The low angle spin axis of the Moon (only 1.5°, compared with the Earth's 28.5°), potentially leaves some areas near the poles in permanent shadow while allowing others areas to remain in permanent or near-permanent illumination. Areas of permanent or near-permanent illumination are prime locations for future lunar outposts due to benign thermal conditions and constant solar-power. Additionally, theory, radar data, and neutron measurements suggest that ice may be present in the permanently shadowed regions (any water-bearing materials are a potential resource for future lunar explorers). During each orbit around the Moon, the WAC acquires images of the polar regions (90° to 90° north and south latitude) at a scale of tens to hundreds of meters per pixel to map the extents of permanent shadow and illumination.

3. Create high-resolution maps of polar massifs with permanent or near-permanent illumination

During lunar summers, the NACs take images of both polar regions (above 85.5° latitude) when shadows are minimal. These images are then compiled into mosaics of each pole, sampled to 1 meter/pixel. These high-resolution mosaics provide a basemap for future polar exploration.

4. Observe regions from multiple angles to derive high-resolution topography

LROC acquires images of regions of scientific interest from multiple angles. These images can be analyzed using stereogrammetric and photometric methods to create precise, high-resolution topographic maps.

A normalized reflectance graph for Ilmenite basalt showing a downturn at 500 nm
Spectra of ilmenite (black line) shows a distinctive downturn in reflectance near 500 nm. The WAC has the unique ability to acquire measurements in the UV (300, 360 nm) that are well suited to separate ilmenite from basalt.

5. Improve maps of mineralogical components of the lunar crust

The WAC will collect global multispectral observations in seven wavelengths, which will be used to characterize lunar resources. Of particular interest is the abundance and distribution of the mineral ilmenite, an excellent source of oxygen, titanium metal, and solar-wind-implanted volatiles, such as hydrogen and helium. These volatile elements may facilitate the creation of water and possibly fuels.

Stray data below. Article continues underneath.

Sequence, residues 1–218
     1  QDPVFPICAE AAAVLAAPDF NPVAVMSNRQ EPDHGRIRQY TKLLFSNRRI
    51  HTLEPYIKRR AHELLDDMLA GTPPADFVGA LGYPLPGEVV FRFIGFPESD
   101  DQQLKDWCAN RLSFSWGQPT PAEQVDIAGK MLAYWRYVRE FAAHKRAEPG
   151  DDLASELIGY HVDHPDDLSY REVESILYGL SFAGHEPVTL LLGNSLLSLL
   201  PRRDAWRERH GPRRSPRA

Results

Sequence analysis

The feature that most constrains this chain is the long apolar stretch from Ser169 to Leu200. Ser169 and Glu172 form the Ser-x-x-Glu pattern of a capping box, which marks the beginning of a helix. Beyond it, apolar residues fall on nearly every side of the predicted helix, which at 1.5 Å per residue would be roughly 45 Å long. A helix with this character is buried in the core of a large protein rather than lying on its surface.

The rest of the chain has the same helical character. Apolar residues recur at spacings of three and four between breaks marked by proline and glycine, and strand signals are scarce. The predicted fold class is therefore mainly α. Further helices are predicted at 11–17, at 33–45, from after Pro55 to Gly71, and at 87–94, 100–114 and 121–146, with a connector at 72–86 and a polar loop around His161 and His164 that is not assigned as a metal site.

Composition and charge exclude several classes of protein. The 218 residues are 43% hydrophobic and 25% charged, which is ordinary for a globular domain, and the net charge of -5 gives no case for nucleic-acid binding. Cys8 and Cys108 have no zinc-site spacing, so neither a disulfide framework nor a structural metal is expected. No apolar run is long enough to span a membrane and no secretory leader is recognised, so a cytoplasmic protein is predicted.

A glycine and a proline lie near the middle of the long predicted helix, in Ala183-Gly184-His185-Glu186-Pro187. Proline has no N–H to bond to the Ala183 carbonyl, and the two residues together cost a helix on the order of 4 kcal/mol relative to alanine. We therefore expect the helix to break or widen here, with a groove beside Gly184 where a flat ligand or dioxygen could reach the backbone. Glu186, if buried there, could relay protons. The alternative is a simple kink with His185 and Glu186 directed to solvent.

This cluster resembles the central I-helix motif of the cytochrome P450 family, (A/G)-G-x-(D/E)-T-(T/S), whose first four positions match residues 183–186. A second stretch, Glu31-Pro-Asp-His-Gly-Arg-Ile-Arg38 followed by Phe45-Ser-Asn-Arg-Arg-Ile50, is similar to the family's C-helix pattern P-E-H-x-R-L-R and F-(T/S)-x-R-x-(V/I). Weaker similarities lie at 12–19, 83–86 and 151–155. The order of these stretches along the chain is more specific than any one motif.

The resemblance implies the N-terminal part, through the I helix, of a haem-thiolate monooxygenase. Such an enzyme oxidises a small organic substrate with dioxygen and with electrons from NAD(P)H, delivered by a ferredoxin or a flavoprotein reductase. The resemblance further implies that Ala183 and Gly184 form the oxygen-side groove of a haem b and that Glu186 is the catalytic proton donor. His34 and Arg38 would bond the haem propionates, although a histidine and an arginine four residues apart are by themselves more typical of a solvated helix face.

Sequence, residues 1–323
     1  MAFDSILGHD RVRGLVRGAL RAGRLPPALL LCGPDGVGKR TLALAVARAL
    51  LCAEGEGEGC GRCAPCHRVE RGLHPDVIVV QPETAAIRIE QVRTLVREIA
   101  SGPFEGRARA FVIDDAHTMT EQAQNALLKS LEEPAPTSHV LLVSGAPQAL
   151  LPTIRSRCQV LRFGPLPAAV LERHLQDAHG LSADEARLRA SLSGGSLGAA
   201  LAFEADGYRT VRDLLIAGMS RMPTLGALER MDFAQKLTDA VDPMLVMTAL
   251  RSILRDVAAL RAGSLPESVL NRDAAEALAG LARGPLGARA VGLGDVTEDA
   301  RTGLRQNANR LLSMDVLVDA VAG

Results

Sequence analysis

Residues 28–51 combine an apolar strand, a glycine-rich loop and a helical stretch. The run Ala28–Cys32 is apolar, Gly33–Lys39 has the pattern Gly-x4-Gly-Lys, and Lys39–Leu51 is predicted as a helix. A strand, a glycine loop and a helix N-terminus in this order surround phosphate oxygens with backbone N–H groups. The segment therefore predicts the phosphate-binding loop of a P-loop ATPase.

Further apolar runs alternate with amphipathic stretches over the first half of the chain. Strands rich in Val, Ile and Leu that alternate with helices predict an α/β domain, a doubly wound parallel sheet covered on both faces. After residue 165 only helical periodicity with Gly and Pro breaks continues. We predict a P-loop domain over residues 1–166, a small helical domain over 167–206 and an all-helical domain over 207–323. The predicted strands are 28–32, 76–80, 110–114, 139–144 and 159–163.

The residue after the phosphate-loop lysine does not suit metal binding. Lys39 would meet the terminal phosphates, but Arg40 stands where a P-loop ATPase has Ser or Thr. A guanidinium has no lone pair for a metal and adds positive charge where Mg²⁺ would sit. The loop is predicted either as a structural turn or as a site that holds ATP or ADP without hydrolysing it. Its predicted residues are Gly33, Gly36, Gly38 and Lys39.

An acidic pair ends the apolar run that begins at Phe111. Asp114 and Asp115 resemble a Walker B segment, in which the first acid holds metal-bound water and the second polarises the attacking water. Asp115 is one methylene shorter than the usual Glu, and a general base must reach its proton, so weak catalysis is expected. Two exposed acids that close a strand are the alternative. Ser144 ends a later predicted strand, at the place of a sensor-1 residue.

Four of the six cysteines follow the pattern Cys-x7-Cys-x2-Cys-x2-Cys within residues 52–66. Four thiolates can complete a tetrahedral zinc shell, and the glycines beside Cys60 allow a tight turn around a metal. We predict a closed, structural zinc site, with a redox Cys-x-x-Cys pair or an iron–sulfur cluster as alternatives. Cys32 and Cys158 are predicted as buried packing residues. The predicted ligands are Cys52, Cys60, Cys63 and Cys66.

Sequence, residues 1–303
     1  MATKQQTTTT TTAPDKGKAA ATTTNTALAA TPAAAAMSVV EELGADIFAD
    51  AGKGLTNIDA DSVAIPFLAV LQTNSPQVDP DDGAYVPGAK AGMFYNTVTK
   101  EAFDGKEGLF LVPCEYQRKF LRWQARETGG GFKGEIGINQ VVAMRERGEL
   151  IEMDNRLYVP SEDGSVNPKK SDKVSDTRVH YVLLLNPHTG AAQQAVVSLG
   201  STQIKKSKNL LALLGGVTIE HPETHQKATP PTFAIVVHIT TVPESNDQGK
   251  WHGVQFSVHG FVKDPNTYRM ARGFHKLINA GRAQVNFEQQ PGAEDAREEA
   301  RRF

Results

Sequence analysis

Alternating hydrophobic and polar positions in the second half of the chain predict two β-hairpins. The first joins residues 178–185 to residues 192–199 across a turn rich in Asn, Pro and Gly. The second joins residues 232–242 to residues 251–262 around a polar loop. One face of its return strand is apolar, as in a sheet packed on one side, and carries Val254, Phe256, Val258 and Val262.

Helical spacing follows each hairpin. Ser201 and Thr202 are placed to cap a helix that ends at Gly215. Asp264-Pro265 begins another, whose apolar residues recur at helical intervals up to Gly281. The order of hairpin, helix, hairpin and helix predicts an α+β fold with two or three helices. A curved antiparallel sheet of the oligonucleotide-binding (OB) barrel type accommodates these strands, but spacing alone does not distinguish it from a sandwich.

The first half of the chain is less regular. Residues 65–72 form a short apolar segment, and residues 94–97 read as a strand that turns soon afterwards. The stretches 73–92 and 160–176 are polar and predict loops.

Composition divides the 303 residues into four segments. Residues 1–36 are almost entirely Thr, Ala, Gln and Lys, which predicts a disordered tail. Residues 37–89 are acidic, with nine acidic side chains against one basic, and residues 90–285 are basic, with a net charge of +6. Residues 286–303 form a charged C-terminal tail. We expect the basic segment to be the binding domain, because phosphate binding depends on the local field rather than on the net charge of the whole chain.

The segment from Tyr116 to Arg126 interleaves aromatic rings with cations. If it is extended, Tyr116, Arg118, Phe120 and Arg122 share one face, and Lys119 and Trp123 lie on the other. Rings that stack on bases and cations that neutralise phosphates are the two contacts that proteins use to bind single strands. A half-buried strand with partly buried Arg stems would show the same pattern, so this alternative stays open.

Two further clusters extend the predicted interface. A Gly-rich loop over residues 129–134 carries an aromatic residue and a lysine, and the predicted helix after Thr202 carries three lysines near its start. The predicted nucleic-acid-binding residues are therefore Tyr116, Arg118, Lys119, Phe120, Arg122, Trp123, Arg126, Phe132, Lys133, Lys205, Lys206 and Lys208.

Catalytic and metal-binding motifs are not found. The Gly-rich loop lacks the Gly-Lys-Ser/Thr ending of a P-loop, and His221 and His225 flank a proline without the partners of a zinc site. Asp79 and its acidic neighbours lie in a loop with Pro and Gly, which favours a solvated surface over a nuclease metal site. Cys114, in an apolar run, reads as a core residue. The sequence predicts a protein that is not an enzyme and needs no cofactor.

6. Create a global morphology base map

By mapping the lunar surface at large solar incidence angles (>50°), LROC creates high-precision morphologic maps, which are crucial for systematic geologic mapping and crater counting. The crater density for a given region is highly correlated with its age, thus, morphologic maps can be used to infer the age of a region.

7. Characterize the regolith

LROC NAC high-resolution images give scientists extremely detailed views of the regolith (lunar soil). Depending on regolith thickness, different sizes of craters have distinctive interior shapes. Mapping the frequency and distribution of these crater morphologies provides accurate estimates of regolith thickness around potential lunar landing sites.

8. Determine impact hazards

By comparing LROC NAC images with very young mare surfaces and Apollo 15–17 panoramic images, the rate at which meteors are currently impacting the lunar surface can be determined. With this information, the kind and frequency of impacts that future lunar structures will need to withstand can be determined.